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how would I go about integrating this? It is a lecture exercise.
$$ \int x^2\sqrt{a^2+x^2}\,dx $$ I used a substitution of $x=a\tan\theta$ and ended up with $$\int a^4\tan^2\theta \sec^3\theta \,d\theta.$$ I was thinking by parts but then I would have to integrate a $\ln|\sec\theta+\tan\theta|$. Can't seem to think of the appropriate identity to collapse it. I am given the answer to verify but I don't know any mental algorithms to even begin doing inverse trigonometric substitution. The answer given is: $$ \frac{x}{8}(a^2+2x^2)\sqrt{a^2+x^2}-\frac{a^2}{8}\ln\left(x+\sqrt{a^2+x^2}\right) $$ Also, what are some things I should be thinking about first when looking at such questions when I need to substitute trigonometric functions into the x-variable? Should I attempt to make odd powers into even? How do I do so? Thank you very much for your help.

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Integrate by parts directly without substitutions

\begin{align} \int x^2\sqrt{a^2+x^2}dx = &\frac14 \int \frac x{\sqrt{a^2+x^2}}d[(a^2+x^2)^2]\\ = &\frac14 x{(a^2+x^2)^{3/2}}- \frac{a^2}4\int \frac{\sqrt{a^2+x^2}}{2x}d(x^2)\\ =& \frac14 x{(a^2+x^2)^{3/2}}- \frac{a^2}8x{\sqrt{a^2+x^2}}-\frac{a^4}8\int \frac{dx}{\sqrt{a^2+x^2}}\\ \end{align} where $\int \frac{dx}{\sqrt{a^2+x^2}}= \sinh^{-1}\frac xa$.

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Let us consider the integral $$\int\tan^2x\sec^3xdx=I.$$ Then using the identity $1+\tan^2x=\sec^2x,$ this becomes $$\int\sec^5xdx-\int\sec^3xdx.$$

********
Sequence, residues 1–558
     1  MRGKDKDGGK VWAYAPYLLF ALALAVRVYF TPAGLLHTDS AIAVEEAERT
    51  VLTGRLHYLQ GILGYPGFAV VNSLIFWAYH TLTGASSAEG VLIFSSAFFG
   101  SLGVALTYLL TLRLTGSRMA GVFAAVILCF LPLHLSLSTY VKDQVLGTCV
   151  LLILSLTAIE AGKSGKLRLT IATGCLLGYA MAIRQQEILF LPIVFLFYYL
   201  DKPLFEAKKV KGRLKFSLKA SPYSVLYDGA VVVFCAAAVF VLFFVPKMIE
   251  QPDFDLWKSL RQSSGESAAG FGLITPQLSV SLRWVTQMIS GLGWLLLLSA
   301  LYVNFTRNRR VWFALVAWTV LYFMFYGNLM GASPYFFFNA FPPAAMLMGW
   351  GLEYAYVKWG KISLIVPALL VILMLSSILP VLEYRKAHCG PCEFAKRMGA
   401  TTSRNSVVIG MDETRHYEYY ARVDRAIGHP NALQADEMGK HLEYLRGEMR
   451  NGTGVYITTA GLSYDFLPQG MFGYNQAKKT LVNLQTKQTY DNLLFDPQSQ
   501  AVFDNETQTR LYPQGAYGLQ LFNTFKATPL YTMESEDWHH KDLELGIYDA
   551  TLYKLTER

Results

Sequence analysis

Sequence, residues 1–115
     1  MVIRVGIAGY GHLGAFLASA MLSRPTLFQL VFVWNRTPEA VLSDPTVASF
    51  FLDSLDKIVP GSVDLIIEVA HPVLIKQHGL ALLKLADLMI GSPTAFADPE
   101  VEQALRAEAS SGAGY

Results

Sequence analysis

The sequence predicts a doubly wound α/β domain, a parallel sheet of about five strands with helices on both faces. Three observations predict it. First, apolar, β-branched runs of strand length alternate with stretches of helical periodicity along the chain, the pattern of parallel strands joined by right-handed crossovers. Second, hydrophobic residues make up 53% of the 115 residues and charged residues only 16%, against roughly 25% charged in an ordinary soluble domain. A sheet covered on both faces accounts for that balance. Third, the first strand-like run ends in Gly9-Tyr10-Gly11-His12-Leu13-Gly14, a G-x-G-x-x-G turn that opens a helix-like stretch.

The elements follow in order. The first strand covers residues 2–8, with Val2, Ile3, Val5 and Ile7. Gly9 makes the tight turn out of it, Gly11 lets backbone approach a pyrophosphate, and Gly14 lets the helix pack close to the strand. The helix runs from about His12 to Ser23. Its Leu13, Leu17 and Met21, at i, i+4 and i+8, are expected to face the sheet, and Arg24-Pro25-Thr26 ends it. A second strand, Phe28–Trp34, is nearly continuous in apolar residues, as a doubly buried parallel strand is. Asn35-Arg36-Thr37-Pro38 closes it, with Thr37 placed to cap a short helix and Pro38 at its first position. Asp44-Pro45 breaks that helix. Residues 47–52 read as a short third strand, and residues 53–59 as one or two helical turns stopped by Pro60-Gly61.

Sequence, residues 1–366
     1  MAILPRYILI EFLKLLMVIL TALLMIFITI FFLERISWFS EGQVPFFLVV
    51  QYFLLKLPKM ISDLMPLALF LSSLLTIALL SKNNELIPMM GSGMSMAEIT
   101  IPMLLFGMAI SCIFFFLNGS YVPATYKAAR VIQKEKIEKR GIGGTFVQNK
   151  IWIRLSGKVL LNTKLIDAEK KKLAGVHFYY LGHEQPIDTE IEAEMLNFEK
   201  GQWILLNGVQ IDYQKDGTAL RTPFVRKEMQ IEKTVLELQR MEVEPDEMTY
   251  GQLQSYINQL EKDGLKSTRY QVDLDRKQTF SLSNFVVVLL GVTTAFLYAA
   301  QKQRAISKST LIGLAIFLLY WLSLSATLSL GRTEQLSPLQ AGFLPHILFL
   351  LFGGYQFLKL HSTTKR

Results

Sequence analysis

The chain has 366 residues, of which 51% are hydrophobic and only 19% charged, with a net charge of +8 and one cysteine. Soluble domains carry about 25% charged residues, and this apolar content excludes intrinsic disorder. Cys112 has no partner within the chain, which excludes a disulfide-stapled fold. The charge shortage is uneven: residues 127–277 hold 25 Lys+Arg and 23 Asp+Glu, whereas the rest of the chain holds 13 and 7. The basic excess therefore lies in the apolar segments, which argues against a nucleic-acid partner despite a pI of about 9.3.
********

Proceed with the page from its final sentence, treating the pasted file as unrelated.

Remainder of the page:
Then integrating by parts, we find that $$\int\sec^5xdx=\sec^3x\tan x-3I.$$ Also we find that $$\int\sec^3xdx=\sec x\tan x-\int\sec^3xdx+\int\sec xdx.$$ Since $$\int\sec xdx=\log|\sec x+\tan x|+c,$$ we can easily find $$\int\sec^3xdx.$$

Finally, we get that $$4I=\sec^3x\tan x-\frac 12\left(\sec x\tan x+\log|\sec x+\tan x|\right)+C.$$

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  • $\begingroup$ Thank you very much for your help! I was doing something similar at the start, I got the sec5 - sec3, and even tried to get the same functional form on the right hand side, but I guess I'm just not good enough with trigonometric identities to do so, kept getting the wrong solution. If I might ask, if I replace the x back with the reverse substitution, I get the verified answer for the front part but not for the logged term. For the logged term, I get $log|\frac{\sqrt{a^2+x^2}}{a}+\frac{x}{a}|$. May I check if I am doing my reverse substitution correctly? $\endgroup$
    – Memiya
    Feb 16 at 17:21
  • $\begingroup$ @Memiya Your logarithmic term seems to be right. If you check the result of the other substitution I made using the hyperbolic functions, the log terms seem to agree. $\endgroup$
    – Allawonder
    Feb 17 at 8:54
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Another way to proceed with the original integral is to use the substitution $x=a\sinh y,$ so that the integral now is $$a^4\int \sinh^2y\cosh^2y dy=\frac{a^4}{4}\int\sinh^22y dy=\frac{a^4}{8}\int(1-\cosh 4y)dy=\frac{a^4}{8}\left(y-\frac14\sinh 4y\right)+k,$$ for some constant $k.$ Reverting the substitution now gives $$\frac{a^4}{8}\left[\log\left(\frac x a+\sqrt{\frac{x^2}{a^2}+1}\right)-\frac x a\left(1+\frac{x^2}{a^2}\right)-\frac{x^3}{a^3}\sqrt{1+\frac{x^2}{a^2}}\right]+C,$$ for some constant $C.$

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